the corresponding password. The salt somewhat confounds this effort, by
requiring the cracker to store 4096 possible hashes, multiplying the
space requirements by four thousand. Thus a dictionary that could
be otherwise stored on, say, a 4GB hard drive suddenly requires a 16 terabyte
hard drive (or 4096 4GB hard drives).

The salt also provides some protection against programs such as crack which
work on large collections of passwords simultaneously. Each password guess
produced by the crack program must be hashed as many times as there are unique
salts in the set being cracked.  If all the passwords in a file had the same
salt (or, analogously, if no salt mechanism wer used), then only one hash
operation would have to be done by crack for each generated guess.  The salt
forces crack to repeat the hash, so that operating on a whole password file is
not much more efficient than operating on individual passwords.  Of course, no
more than 4096 hash operations have to be performed on any given guess.

Ideally, the salt should be random. There should be a high likelihood that
every password in your password file has a unique salt. If every password has
the same salt, then cracking is faster. In reality, if someone malicious gets a
hold of your password file, you are in trouble no matter what. The real
solution is to use longer password phrases and crypto stonger than DES.

The salt can be used to encode meta-information about the password, such as the
date that the password was created. Such information can be then used to
implement password aging.

 
 
 

1. Importance of the salt when using the crypt() function

I am working on a project which is creating a front-end for the crypt()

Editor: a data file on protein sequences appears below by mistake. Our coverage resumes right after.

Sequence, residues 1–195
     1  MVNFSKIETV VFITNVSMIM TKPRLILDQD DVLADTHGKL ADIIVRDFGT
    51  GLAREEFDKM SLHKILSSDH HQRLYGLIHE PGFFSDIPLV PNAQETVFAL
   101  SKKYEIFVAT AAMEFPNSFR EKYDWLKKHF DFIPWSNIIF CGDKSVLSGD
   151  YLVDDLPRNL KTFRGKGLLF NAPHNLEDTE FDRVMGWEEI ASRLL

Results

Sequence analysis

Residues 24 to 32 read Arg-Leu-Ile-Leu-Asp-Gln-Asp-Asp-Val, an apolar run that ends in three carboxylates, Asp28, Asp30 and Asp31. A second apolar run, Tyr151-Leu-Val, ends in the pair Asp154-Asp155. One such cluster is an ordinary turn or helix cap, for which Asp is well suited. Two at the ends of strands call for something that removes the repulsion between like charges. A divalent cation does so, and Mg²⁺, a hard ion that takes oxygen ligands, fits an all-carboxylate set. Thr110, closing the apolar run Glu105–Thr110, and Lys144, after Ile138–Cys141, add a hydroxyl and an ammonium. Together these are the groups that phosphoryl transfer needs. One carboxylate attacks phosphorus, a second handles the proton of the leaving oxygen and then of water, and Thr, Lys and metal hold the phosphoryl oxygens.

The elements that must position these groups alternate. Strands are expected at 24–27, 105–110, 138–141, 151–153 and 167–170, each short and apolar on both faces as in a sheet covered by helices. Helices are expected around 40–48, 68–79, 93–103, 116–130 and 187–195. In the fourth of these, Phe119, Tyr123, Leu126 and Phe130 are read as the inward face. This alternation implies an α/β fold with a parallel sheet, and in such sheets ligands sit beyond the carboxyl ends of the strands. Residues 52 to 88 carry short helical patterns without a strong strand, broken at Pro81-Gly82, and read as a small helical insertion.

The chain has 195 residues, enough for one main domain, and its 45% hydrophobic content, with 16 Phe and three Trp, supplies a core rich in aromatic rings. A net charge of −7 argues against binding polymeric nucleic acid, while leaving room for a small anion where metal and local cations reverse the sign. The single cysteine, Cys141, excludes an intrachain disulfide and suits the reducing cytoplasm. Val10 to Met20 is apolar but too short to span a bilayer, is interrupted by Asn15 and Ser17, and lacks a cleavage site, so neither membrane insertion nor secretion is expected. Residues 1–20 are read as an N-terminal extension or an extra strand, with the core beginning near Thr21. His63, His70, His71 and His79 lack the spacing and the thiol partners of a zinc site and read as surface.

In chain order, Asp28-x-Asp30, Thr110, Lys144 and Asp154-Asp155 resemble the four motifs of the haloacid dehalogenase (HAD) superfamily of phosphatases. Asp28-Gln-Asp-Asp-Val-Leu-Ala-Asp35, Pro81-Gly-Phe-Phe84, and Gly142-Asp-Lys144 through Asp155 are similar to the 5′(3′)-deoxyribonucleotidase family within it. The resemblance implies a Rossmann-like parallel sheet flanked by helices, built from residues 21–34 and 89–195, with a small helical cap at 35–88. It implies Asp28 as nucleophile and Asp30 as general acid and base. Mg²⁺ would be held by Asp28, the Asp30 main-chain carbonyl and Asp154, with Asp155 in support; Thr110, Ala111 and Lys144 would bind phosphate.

function (available on most Linux and UNIX systems).

I wish to keep my definition of the project on a simpler level than the one
that it really operates on in order to keep the question itself simple.
With that in mind, I will say that the program on its most basic level is
checking to see if passwords in '/etc/passwd' or '/etc/shadow' are from a
dictionary.

It does this using crypt(), which uses the systems' native cipher to encrypt
each dictionary word.  The program then checks to see if the outcome is
equal to the encrypted password from '/etc/password'.  When using crypt(), I
pass two arguments (in accordance with the man page for crypt).  The first
argument is the dictionary word to be encrypted.  The second is the salt,
for which I have been using the original encrypted password from
'/etc/password'.  I do not have a complete understanding on the function of
the salt or why using the original password as the salt is the suggested
method (which, again, I got from the crypt man page).

This works, the program is successfull on this level.  But due to the
complexity of the real program, there arises a need to use something else as
the salt.  Let's assume that I can't have access to the original encrypted
password when I am encrypting the words from the wordlist, and that I want
to use the encrypted wordlist against many different passwords at a later
time.  Is this possible, to use something totally unrelated to the encrypted
passwords for the salt?

Does the salt really change the final outcome of crypt()?

Thanks for any help or pointers!

Sincerely,

Ryan T. Rhea
Winthrop University

(remove the obvious to reply...)